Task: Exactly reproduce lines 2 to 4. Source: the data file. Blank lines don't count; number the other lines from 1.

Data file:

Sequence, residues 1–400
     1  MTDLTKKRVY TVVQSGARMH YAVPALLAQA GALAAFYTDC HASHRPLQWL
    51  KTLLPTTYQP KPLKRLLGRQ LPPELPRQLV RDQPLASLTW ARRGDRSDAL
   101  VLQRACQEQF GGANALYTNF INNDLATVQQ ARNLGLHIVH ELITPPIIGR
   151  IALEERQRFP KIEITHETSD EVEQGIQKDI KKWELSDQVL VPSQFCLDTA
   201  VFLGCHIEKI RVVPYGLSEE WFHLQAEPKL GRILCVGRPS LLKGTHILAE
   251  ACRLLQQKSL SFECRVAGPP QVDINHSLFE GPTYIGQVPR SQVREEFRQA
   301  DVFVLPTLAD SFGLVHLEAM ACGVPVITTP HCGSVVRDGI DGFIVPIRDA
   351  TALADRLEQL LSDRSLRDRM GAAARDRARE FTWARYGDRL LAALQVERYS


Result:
     1  MTDLTKKRVY TVVQSGARMH YAVPALLAQA GALAAFYTDC HASHRPLQWL
    51  KTLLPTTYQP KPLKRLLGRQ LPPELPRQLV RDQPLASLTW ARRGDRSDAL
   101  VLQRACQEQF GGANALYTNF INNDLATVQQ ARNLGLHIVH ELITPPIIGR